The Casa Alma community includes resident volunteers, guest families, and an extended inter-faith community.
Resident volunteers: Laura and Steve Brown are the founders of Casa Alma and current resident volunteers. “We are inspired by our Catholic faith and our belief that the world is essentially a place of abundance, a place in which everyone’s basic needs can be met.” Read more.
Guest families: Casa Alma welcomes as guests formerly homeless and low-income families who cannot afford safe and decent housing. While living at Casa Alma, guests connect to local social services, save funds for future housing, pay down debt, and work toward more stable employment. Thank you to all who have helped Casa Alma host and accompany Josefina, Yeimi, Moises, Carlos, Eliseo, Josue, Larry, Patricia, Kayla, Evan, Sara, Elijah, Maya, Sheron, Shirley, Desi, Lina, Gregory, Mutusim, Heidy and Linda.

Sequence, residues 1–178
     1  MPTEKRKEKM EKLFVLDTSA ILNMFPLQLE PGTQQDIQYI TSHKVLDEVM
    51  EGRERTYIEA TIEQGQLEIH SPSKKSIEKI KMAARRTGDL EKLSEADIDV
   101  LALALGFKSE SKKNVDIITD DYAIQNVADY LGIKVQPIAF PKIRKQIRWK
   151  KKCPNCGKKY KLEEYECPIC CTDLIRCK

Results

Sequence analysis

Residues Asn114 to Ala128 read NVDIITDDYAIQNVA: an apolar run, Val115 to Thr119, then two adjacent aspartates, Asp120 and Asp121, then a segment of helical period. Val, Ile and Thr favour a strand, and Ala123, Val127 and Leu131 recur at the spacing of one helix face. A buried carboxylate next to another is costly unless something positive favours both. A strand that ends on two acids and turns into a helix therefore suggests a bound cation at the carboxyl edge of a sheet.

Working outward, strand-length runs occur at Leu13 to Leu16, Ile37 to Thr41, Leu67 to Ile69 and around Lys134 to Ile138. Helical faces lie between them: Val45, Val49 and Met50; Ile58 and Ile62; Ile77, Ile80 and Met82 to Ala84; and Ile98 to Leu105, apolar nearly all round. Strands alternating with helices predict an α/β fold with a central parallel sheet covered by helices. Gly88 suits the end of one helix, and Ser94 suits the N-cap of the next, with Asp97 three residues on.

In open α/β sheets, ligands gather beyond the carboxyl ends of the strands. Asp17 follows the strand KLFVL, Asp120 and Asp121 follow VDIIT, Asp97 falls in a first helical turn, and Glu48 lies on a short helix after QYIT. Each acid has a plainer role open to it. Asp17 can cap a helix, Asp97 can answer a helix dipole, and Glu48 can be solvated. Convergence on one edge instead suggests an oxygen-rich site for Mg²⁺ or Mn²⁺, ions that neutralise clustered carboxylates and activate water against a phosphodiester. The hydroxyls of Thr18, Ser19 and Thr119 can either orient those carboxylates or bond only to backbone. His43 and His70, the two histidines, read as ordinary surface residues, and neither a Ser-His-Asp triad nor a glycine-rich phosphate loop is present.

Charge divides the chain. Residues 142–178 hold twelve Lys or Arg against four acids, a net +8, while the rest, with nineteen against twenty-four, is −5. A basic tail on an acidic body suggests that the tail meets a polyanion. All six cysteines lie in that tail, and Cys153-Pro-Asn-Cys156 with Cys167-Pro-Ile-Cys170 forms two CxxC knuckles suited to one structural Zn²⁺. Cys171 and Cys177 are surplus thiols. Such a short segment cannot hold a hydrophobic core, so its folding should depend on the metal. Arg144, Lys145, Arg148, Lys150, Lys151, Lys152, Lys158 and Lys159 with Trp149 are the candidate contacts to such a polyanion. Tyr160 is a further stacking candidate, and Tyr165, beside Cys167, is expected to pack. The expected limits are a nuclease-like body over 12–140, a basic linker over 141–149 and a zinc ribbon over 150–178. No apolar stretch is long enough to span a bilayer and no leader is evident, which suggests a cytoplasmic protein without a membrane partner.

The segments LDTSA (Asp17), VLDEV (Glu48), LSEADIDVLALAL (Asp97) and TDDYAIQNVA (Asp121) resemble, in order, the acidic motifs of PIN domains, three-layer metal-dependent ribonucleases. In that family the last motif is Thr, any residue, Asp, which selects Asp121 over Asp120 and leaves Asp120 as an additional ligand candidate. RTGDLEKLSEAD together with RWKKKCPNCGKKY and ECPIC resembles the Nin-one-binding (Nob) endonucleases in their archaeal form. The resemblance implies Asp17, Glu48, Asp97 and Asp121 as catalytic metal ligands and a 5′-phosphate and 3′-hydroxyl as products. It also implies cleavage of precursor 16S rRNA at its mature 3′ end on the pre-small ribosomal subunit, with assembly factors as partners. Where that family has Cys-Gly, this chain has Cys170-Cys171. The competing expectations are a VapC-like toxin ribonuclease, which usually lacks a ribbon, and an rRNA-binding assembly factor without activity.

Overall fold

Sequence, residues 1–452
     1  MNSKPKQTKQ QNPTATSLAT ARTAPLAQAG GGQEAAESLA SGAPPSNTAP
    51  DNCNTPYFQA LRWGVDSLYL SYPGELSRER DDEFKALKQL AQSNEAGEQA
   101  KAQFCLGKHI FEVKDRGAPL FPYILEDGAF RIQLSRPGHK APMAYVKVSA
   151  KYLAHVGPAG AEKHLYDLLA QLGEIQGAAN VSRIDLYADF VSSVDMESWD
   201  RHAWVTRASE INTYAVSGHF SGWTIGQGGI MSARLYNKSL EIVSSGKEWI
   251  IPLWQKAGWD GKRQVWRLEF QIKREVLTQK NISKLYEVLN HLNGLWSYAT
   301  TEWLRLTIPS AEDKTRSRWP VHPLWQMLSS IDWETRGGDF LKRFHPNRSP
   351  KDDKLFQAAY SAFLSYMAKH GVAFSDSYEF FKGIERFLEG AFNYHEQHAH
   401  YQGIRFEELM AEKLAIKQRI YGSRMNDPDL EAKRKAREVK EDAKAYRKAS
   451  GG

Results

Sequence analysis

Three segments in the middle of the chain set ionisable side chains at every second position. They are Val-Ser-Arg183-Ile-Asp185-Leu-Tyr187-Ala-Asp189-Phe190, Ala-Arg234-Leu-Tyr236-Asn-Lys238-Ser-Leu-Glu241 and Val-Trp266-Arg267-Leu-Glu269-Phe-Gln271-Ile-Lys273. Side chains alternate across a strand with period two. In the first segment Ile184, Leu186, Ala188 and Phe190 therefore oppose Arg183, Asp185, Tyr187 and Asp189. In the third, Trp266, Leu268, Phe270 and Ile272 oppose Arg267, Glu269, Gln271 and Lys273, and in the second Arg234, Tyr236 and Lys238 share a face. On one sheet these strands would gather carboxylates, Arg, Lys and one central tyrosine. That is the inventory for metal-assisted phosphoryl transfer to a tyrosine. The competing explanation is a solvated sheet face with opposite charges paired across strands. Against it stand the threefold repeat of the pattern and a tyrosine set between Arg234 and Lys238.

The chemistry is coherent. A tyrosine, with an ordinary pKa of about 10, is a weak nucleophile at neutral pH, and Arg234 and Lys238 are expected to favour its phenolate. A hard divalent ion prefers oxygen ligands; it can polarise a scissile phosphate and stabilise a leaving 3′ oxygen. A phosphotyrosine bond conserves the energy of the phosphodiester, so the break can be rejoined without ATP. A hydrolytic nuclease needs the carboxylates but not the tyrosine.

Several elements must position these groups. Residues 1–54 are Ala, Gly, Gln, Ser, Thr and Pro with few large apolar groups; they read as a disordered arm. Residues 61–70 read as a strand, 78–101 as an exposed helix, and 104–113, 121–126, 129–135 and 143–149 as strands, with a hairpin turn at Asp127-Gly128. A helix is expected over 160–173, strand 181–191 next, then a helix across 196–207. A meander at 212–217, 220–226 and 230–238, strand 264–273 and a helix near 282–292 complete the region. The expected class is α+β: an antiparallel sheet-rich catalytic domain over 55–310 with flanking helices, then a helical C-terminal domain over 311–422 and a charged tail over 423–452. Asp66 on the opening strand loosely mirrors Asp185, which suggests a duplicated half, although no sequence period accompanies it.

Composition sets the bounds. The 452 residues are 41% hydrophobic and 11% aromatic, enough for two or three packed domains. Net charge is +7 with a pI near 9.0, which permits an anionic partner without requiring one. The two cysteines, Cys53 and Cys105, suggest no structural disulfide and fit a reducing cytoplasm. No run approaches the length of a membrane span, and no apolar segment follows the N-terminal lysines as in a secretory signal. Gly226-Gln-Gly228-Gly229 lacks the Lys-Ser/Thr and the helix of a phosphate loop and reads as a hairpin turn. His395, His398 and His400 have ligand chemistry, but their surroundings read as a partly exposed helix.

Extended community: That’s you! We welcome people of any faith practice, ethnic background, sexual orientation, age and ability to join us as occasional visitors, volunteers, financial supporters, or regular participants in our community events.
Casa Alma also partners with local organizations: schools, congregations, justice groups, and non-profits for days of service, immersion days, tours, and collaborative efforts. Some examples: our Joint Plan of Work with Virginia Organizing, which owns the Nassau Street homes; Co-sponsoring witness for immigration reform with the Church of the Incarnation; working with the Building Goodness Foundation to make improvements to the houses of hospitality.
If you are involved with a local group and would like to collaborate with Casa Alma or visit us, let us know!
“Along the way there are marvelous companions on the journey. People who help, who come and do manual labor with us. People who give us the resources we need for this work. People we accompany on their journeys and people who bear patiently some of our attempts to be of some small assistance to them. People who tell us their stories and hear ours”. -Bob Waldrop, founder of Oscar Romero Catholic Worker House, Oklahoma